Born with a Silver Spoon in her Mouth

We all know the expression "born with a silver spoon in your mouth." But for one little girl from Friesland, this was almost literally the case. When Geertje Gerrits Heslinga was born on 15 December 1742, her parents had a silver spoon made to commemorate the event. The spoon was engraved with her name and birth date. It is now part of the … [Read more...]

Dutch term – Fries

Fries means Frisian; from Friesland. The word is used as a noun to indicate a person from Friesland, or as an adjective for all things Frisian. For research in Friesland, try AlleFriezen, a website with many indexes and scans of Friesland records. BTW, in English, "Frisian" is used as the general adjective for Fries, while "Friesian" is used … [Read more...]

Dutch term – Grietenij

A grietenij is a municipality. The term is mainly used in Friesland. In 1851, it was changed to gemeente, the common Dutch word for municipality. In parts of Groningen, the term grietenij was also used to refer to the local courts. A grietenij was led by the grietman, whose function was similar to that of a mayor. … [Read more...]

Ask Yvette – Where is “Friesland” anyway?

Holly (De Fries) Flaherty wanted to know more about Friesland. Her paternal grandfather was from Friesland and spoke Dutch, but her maternal grandfather was from Friesland and spoke German. She heard that there were two provinces called Friesland - one German and one Dutch. She wanted to know if they were connected, historically, and whether … [Read more...]

Quick tip – That Frisian female might be male!

If you do research in Friesland, you will notice that the names there are quite different from the rest of the Netherlands. Friesland has its own language, Frisian (Fries) which comes with its own unique set of names. Some Frisian male names look like female names to those of us who are not from Friesland. Some of these names are used as female … [Read more...]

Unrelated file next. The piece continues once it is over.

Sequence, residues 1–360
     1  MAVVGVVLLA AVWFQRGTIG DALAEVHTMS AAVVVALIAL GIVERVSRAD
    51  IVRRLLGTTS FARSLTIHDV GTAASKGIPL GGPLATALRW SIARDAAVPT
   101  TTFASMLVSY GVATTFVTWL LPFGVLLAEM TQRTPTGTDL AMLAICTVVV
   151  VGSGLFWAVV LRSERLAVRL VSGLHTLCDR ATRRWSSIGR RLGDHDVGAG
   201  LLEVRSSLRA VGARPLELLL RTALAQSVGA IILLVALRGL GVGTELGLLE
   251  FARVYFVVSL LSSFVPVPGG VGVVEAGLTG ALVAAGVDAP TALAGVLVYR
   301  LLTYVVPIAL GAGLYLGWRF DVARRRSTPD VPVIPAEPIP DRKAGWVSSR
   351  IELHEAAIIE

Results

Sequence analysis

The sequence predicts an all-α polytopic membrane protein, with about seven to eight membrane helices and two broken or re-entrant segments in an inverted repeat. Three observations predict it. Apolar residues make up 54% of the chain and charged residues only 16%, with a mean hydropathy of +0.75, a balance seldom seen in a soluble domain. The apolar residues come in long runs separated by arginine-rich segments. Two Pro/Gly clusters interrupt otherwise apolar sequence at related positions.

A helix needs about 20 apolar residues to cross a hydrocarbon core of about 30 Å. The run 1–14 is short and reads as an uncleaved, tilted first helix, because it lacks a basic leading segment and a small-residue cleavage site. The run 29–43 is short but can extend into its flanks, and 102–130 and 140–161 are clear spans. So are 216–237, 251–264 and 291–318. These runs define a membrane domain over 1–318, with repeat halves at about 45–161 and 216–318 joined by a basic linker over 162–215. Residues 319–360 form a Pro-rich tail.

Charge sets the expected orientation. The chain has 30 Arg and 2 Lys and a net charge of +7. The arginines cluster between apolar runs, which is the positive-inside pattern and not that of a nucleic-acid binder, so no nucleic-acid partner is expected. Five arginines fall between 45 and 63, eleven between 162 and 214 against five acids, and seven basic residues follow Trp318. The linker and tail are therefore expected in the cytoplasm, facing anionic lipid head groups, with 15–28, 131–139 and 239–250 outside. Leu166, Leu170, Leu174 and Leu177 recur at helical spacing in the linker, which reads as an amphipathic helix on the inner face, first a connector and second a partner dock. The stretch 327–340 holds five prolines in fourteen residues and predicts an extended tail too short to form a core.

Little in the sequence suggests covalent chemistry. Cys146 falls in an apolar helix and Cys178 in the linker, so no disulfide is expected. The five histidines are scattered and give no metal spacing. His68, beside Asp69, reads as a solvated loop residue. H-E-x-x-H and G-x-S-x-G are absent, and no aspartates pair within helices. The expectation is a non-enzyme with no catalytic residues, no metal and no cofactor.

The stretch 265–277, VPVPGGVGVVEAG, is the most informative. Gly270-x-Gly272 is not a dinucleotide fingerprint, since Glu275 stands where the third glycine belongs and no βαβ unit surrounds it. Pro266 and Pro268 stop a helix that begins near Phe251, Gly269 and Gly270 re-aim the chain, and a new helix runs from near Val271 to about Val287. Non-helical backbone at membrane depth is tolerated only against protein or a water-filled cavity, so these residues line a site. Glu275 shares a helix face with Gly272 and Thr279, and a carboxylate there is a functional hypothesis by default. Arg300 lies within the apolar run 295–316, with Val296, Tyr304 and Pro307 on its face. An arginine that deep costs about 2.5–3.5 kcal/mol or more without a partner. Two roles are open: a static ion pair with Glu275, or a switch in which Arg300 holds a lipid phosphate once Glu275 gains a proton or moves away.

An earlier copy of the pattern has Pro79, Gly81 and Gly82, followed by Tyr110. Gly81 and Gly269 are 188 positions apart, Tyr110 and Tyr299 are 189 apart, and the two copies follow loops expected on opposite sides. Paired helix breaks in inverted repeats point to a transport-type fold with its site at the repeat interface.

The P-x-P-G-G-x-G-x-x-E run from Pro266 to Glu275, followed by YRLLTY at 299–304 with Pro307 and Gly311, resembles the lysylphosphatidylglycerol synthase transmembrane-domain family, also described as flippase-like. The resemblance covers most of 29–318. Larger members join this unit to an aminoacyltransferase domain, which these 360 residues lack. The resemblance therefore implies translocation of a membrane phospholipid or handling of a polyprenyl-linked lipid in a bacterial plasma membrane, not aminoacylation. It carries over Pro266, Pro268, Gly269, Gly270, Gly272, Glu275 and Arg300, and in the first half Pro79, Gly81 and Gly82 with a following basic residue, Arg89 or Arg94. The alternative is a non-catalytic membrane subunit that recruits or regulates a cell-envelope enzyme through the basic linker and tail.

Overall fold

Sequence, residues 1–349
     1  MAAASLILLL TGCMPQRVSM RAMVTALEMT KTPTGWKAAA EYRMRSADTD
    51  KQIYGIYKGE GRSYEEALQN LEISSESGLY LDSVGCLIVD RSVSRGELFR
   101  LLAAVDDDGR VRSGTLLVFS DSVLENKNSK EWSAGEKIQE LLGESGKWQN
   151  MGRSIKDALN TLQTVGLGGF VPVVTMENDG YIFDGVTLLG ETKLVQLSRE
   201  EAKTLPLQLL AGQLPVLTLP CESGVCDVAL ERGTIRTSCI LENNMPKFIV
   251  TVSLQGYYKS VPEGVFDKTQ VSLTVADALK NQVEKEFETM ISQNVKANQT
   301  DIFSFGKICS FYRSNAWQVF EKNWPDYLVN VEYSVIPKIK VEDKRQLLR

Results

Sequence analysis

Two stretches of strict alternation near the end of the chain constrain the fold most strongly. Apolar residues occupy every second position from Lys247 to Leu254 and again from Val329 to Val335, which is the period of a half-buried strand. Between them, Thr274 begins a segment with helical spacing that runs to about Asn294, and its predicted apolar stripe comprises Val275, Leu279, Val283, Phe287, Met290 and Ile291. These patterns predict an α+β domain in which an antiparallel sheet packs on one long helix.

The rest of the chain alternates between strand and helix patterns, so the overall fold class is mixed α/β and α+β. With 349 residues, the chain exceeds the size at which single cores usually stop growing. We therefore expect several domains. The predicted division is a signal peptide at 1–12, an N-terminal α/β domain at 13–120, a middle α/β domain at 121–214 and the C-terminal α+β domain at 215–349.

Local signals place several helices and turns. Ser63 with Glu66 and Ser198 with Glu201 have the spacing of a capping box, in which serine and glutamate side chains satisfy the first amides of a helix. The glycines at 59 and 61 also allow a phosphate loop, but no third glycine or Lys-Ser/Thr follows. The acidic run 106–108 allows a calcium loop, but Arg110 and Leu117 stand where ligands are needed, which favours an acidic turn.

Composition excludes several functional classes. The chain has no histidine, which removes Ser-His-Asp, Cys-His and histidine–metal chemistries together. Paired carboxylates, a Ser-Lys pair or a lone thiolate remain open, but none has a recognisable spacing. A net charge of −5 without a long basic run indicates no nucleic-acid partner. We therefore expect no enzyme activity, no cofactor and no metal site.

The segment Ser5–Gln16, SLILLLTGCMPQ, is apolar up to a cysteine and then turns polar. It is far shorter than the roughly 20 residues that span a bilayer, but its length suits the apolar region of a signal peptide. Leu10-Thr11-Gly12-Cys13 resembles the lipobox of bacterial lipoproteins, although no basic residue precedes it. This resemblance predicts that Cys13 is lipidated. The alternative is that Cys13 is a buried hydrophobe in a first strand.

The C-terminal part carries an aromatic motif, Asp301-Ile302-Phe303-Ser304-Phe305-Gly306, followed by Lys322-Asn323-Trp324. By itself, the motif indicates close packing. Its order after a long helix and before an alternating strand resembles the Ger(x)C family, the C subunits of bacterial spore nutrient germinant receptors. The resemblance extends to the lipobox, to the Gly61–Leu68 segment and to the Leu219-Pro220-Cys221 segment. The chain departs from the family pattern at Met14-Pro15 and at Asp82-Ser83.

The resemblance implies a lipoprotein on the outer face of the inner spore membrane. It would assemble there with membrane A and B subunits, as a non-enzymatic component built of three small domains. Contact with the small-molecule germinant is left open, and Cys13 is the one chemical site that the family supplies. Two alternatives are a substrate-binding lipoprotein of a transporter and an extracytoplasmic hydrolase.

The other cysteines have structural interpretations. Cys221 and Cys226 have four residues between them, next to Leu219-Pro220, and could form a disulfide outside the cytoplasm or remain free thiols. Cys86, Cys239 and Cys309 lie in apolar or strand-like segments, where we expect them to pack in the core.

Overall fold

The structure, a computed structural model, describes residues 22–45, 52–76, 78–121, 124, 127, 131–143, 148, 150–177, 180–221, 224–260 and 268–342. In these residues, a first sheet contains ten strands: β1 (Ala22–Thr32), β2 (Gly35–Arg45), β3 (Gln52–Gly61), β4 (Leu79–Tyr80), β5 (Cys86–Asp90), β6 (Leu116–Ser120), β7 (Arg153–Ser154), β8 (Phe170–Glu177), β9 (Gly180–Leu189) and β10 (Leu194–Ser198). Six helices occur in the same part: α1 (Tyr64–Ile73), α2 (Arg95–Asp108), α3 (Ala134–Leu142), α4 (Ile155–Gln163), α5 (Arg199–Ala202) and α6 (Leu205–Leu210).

Dutch term – Proclamatieboek

In the province of Friesland, a proclamatieboek is a register in which the court records the proclamations of real estate sales that took place. This allowed people who had Naastingsrecht the opportunity to match the purchase price and buy the property for themselves. Proclamatieboeken can be found in the archives of the local courts, which are … [Read more...]

Dutch Genealogy Webinar – Questions about Records

During the webinar "Researching Your Dutch Ancestors," the viewers had the most interesting questions. I got to address some of them during the webinar, but thought they all deserve a reply so I'm dedicating this post to answer some more. There were so many great questions that I will have inspiration for several follow-up articles, so please stay … [Read more...]

News from the Netherlands – June 2014

'News from the Netherlands' is a new monthly series on this blog to inform you about the best new websites, projects and books that help you find and understand your Dutch ancestors. New websites The Brabants Historical Information Center has a new website (Dutch only). The 'Stamboom' [Family Tree] page has several indexes, some with scans … [Read more...]

Love speed skating? Your ancestors did too!

If there is one sport that the Dutch dominate, it is speed skating. It is the only Olympic sport where the orange team can win all three medals. Our love for speed skating is not surprising if you understand the history of the Dutch landscape. Because large parts of the country are below sea level, the landscape is crisscrossed by little canals … [Read more...]

Using Alle Friezen to find your ancestors from Friesland

If you have ancestors from Friesland, the website Alle Friezen is a must. The website contains indexes and scans of almost all the public records of the civil registration and some population registers as well.  … [Read more...]